Crowded fishing conditions call for adjustments
The COVID-19 pandemic impacted our world in an uncountable number of ways, most obviously negative in terms of life-threatening illness, interrupted lifestyles and a stalled economy.
But the coronavirus also caused a surge in people who decided to go fishing to fill the downtime we experienced as social distancing and other protocols influenced what we do and where we go.
With more people fishing and spending more hours on the water, the fish themselves felt the pressure. As one might expect, the walleyes, crappies and bass have seen more than the usual tactics and lures, to the point where they might shy from biting the regular stuff.
Crowded water and pressured fish can still be caught, but success often requires adjustments. Those who want to up their odds against the fish that yawn in boredom at our usual offerings should consider downsizing lures and switching to lighter lines.
Veteran bass anglers will recall the 1990s craze over the finesse-style Super Do soft plastic baits. Marketed under the Hog Hunter brand by Rick Kovacs of Mineral Ridge and Dave Maurice’s Venom Baits, the Super Do was the hot ticket for those who believed the bass were conditioned to standard lures. A pee-wee bait was the way to go.
The four-inch Super Do featured a slim profile and shredded tail that pulsed and flared as it drifted into the cover where bass love to lurk. If a bass lived there, it was more than likely to judge the Super Do as the perfect snack.
Professional bass angler Denny Brauer once told me that a small bait dropping in front of a bass is too tempting. They cannot resist even if they have just eaten, much like a person will nibble a sweet little grape even if he or she has just finished dinner.
Fortunately, a number of downsized bait offerings are available today. The “Ned rig” is one example that has gained a great following by those who chase smallmouth and largemouth bass in pressured waters.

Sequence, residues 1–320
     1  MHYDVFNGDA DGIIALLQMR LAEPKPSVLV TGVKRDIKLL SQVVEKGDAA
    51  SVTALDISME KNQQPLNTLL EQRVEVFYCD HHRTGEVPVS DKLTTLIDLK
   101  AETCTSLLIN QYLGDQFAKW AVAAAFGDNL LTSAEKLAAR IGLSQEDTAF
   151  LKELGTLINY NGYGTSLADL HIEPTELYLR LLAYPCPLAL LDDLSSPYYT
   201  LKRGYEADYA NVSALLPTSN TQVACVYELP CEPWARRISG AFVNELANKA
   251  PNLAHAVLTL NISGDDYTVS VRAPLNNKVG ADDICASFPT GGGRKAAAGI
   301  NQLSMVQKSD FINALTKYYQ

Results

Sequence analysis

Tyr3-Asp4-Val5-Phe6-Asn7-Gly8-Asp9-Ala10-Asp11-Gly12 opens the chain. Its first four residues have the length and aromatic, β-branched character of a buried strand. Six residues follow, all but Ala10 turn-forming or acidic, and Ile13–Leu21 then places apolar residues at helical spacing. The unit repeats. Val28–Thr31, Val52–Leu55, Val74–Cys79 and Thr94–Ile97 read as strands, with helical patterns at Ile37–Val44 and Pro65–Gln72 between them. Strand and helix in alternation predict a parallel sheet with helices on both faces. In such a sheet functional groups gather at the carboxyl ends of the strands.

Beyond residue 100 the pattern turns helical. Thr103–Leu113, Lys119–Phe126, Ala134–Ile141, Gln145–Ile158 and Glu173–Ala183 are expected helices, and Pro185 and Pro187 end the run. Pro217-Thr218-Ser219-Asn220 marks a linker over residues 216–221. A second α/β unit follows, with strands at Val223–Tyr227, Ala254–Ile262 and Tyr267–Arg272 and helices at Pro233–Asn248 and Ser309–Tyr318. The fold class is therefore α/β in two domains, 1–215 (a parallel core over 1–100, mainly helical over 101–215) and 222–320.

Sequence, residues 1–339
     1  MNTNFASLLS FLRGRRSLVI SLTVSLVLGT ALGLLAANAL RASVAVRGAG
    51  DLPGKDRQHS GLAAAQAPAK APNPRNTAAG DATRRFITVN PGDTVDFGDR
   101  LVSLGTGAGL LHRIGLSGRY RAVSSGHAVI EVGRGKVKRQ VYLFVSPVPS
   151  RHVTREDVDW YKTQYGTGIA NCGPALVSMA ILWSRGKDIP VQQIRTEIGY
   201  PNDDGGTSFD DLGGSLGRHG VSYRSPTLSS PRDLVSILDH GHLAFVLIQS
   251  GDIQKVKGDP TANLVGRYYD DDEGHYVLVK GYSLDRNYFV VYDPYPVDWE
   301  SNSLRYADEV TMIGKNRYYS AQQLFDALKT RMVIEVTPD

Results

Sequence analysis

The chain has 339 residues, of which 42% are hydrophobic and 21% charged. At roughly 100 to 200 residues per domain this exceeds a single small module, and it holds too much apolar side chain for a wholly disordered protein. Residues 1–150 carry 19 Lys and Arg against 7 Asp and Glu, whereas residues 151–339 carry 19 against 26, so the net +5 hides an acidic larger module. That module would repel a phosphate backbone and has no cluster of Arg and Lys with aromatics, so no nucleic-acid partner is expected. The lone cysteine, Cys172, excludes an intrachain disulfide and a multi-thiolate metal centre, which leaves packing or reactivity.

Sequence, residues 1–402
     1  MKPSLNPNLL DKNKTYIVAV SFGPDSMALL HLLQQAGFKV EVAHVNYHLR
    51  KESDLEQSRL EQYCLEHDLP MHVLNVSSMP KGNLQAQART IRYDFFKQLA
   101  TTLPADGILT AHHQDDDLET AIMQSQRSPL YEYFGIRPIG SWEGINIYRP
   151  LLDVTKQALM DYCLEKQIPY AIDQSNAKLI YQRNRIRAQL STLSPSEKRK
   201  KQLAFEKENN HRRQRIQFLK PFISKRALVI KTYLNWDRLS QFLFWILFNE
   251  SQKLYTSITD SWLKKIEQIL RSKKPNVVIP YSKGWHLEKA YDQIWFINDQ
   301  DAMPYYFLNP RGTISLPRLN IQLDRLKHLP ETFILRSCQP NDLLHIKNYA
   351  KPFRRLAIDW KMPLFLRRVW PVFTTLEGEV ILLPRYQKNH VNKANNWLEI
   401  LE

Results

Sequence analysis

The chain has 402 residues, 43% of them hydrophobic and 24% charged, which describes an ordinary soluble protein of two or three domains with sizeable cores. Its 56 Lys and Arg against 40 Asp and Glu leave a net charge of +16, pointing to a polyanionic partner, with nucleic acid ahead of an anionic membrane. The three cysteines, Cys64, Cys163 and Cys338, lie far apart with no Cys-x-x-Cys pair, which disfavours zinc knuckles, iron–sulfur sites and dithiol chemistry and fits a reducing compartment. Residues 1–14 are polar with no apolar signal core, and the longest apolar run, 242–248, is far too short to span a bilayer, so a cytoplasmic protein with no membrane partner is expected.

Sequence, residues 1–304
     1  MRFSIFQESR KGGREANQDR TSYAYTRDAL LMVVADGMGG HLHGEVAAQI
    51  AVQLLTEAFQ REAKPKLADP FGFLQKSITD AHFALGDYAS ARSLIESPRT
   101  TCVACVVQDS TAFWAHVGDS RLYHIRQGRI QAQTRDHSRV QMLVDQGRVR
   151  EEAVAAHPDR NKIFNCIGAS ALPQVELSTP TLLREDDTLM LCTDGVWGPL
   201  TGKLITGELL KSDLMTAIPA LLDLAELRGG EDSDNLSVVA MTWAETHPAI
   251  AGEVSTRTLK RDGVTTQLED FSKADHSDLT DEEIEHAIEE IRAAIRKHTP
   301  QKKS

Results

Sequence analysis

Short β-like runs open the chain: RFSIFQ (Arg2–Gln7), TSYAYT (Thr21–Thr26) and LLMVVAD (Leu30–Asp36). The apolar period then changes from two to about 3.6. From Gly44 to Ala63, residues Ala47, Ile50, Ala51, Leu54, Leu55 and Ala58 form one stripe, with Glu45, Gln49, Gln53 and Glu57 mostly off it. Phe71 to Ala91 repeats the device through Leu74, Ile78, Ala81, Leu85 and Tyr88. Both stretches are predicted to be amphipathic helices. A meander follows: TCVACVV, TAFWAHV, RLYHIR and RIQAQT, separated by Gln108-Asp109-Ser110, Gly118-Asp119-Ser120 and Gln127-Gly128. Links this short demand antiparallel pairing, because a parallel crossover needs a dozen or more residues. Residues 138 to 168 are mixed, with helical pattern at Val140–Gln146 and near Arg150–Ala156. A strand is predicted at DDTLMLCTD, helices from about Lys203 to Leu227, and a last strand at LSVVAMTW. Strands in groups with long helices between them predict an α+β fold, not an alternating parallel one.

The Ned is a small mushroom or cylinder-style jig head — 1/5 or 1/6 ounce — with a straight-shank on which the angler threads a two- to four-inch straight stubby plastic worm. The rig literally does nothing as the angler drags it over the bottom, which actually perfectly mimics the movement of a Lake Erie goby or Mosquito Lake perch.
The slow, tantalizing wobble fall of a whacky-rigged stick worm is another finesse presentation that is popular among those who fish on highly pressured waters. The “whacky” name aptly describes the way in which anglers pin their worms: simply passing the hook through the mid-section of the worm so that it dangles in balance from the hook.
When walleyes, bass and crappies are getting a lot of fishing pressure, savvy anglers up their odds of hooking up by resorting to ultralight fishing lines. Today’s high-performance fluorocarbon lines in eight- or six-pound test work well in presenting lures effectively to finicky fish.
Pressured fish also are less suspicious of smaller-than-normal jigs and hard-body plugs and thus more easily tempted in high-pressure waters.
That there are more anglers is evident in the fishing retail business. Anglers shopping for essentials such as line, hooks and weights, along with the hottest new lures, sweep the aisles clean and pluck the best goodies, while the supply chain struggles to keep the shelves stocked.
For that reason, it may be necessary to visit several stores and online retail sites to get what you need for your time on the water.
The extra effort will be worth your investment in time, of course, when it results in fun times and more fish.
Jack Wollitz’s new book, The Common Angler: A Celebration of Fishing, will be released May 11. He appreciates emails from readers. Send a note to Jack at email@example.com.